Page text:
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“Vedrine committed to bridging language gap”

Boston Haitian Reporter
Vol. 6, Issue 9. Sept. 2007
Reporter Staff

Emmanuel Védrine Successful language scholar Emmanuel W. Vedrine has dedicated the past 15 years to publishing a variety of books from dictionaries to essays, anthologies… that address numerous aspects of the Haitian culture. An experienced translator and successful teacher, Vedrine has committed himself, in particular, to giving Haitians and non-Haitians alike better access to the Creole language.

While teaching in Massachusetts, Vedrine discovered that many of his Haitian students were falling behind academically and noted that learning material in their native language would improve the quality of their education. In 1992, he published his first Dictionary of Haitian Creole Verbs  with phrases and idioms.

I wanted to do something that combined my experiences as a translator and as a teacher to help the Haitian community”, said Vedrine. “The ability to speak another language other than your native tongue not only allows you more opportunities, but you are also able to communicate with millions of people. You can better enjoy a culture when you can express yourself in its language.”
Vedrine says he aspires to reach out to the younger Haitian generation with his work and inspire them to understand and take pride in their roots. “I want children to comprehend that though they may have been brought up in America, Haiti is still a part of them,” he says. “Many of them do not know their history therefore they are ashamed of their culture. But with my work I hope to make them proud of what their Haitian ancestors have accomplished. We have a glamorous history and there are many Haitian heroes, but today’s generation of Haitian-Americans do not know of their ancestors contributions.

With publications such as Materyèl edikatif pou bileng ayisyen and Yon koudèy sou pwoblèm lekòl Ayiti… which offer essays, short stories, and discussions on the lack of adequate education in Haiti, Vedrine also hopes to make an impact on the older generation of the Haitian community.

We come from a time that has taught us to hate ourselves and what we own. We have been taught to leave our country behind and move on to a ‘better’ place. This is why Haiti is consistently suffering crisis after crisis. We need a ‘new school.’ One that will teach us to be proud of our roots,” said Vedrine.

Then there are Haitians that are too proud to learn another language. They make it an issue of double-nationality. But it is not a matter of trading your native roots for the American  system,” he says. “It is about further educating yourself. There are Haitians who feel they are too old and it is too late, but the energy to make a difference is already within us. The problem is we do not use it.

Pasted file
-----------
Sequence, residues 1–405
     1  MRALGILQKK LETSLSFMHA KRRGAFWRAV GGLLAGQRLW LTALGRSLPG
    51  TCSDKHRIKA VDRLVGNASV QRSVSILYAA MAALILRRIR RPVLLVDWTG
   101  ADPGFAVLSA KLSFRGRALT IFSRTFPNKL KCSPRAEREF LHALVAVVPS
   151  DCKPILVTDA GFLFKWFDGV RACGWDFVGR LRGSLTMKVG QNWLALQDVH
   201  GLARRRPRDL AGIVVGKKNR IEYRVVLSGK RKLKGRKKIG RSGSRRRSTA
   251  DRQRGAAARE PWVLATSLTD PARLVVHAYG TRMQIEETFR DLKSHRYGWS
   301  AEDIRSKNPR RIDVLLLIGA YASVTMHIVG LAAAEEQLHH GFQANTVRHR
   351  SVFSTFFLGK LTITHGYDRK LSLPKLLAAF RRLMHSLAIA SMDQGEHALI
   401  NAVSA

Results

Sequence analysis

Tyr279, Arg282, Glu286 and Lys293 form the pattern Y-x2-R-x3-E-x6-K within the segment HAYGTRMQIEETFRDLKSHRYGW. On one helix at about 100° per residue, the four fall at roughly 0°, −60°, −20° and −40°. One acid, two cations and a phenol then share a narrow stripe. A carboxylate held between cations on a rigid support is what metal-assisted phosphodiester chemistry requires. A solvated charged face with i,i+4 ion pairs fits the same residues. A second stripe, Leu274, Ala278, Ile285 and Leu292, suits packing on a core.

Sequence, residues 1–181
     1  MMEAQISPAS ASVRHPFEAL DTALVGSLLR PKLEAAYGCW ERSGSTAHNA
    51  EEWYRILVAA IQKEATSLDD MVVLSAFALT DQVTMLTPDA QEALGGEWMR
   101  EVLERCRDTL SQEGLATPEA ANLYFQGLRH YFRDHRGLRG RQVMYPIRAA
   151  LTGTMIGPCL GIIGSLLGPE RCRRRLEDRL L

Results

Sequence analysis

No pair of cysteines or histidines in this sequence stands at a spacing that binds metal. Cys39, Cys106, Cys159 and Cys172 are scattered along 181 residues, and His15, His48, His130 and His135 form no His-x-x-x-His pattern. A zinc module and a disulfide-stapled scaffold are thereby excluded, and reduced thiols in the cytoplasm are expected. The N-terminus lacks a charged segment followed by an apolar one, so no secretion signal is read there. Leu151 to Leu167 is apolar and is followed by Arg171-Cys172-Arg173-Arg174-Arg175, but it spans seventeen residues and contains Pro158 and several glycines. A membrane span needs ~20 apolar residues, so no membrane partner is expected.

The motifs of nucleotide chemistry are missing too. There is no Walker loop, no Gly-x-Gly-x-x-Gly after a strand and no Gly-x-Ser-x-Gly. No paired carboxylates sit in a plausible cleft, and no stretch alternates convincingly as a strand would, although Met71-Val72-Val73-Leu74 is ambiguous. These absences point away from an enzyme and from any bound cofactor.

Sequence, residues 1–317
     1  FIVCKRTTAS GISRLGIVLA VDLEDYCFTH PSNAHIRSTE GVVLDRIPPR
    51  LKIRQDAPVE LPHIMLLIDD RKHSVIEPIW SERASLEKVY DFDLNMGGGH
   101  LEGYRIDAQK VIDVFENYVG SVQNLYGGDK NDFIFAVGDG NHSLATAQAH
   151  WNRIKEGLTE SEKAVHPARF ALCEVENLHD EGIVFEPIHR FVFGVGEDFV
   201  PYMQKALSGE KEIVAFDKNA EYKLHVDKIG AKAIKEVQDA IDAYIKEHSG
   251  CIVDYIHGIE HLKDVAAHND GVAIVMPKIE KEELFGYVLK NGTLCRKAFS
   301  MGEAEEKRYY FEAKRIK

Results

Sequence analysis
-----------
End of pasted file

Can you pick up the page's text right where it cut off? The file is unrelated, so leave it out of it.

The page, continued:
Vedrine believes educating parents is essential to raising good leaders because what they know they will pass it down to their children. In order to prepare a positive young generation to take over. Vedrine says they must first learn all aspects of their own heritage.

Parents need to work harder at being role models for their children. Our generations are disconnected and we need to learn how to unite,” he advises. “From each other is where we draw our strength. That is what I hope to teach society with my work. That language builds that bridge connecting generations and connecting cultures.

In Vedrine’s latest book, A healing paradigm for a new Haiti, he introduces his campaign to improve the school system and curriculum in Haiti. “I want to promote the importance of Fridays as a day for ‘practical education,” Vedrine explains. “A day to educate students outside of books and beyond the classroom. Offer them hands on learning experiences, tools they can use and they can give back to the country.

Vedrine says his own struggle with transitioning from one culture to another after he left Haiti in 1976 motivated him to continue with his work. “When I got here it was such a culture shock… I was unable to communicate. In order to be more involved in society I had to overcome those obstacles. I taught myself English, and then I learned Spanish.

The difference in how people interacted with me then was unbelievable,” says Vedrine. “I wanted to do the same for others facing similar difficulties. When I first began working and writing, I was told that there was no market in Creole. I was asked ‘why do it if no one was going to read it?’

“Surprisingly those comments came mostly from the Haitian community. But my work has never been about marketing. I want to do something to help Haiti – money does not come first. Knowing that thousands benefit from my work makes me happy. Forget about the market, I just want to do something that will change lives.” …


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